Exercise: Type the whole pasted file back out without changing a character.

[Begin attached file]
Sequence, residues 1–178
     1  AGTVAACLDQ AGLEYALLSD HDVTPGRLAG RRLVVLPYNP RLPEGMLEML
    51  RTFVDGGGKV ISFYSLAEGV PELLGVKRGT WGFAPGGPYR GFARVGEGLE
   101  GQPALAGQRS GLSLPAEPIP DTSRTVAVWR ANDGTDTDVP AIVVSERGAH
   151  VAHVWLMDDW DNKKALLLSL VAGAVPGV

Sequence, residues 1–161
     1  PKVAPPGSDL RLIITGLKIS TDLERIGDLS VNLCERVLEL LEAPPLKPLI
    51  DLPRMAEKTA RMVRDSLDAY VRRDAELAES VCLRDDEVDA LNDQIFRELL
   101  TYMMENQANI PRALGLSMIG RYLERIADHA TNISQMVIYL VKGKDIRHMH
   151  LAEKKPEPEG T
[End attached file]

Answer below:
Sequence, residues 1–178
     1  AGTVAACLDQ AGLEYALLSD HDVTPGRLAG RRLVVLPYNP RLPEGMLEML
    51  RTFVDGGGKV ISFYSLAEGV PELLGVKRGT WGFAPGGPYR GFARVGEGLE
   101  GQPALAGQRS GLSLPAEPIP DTSRTVAVWR ANDGTDTDVP AIVVSERGAH
   151  VAHVWLMDDW DNKKALLLSL VAGAVPGV

Sequence, residues 1–161
     1  PKVAPPGSDL RLIITGLKIS TDLERIGDLS VNLCERVLEL LEAPPLKPLI
    51  DLPRMAEKTA RMVRDSLDAY VRRDAELAES VCLRDDEVDA LNDQIFRELL
   101  TYMMENQANI PRALGLSMIG RYLERIADHA TNISQMVIYL VKGKDIRHMH
   151  LAEKKPEPEG T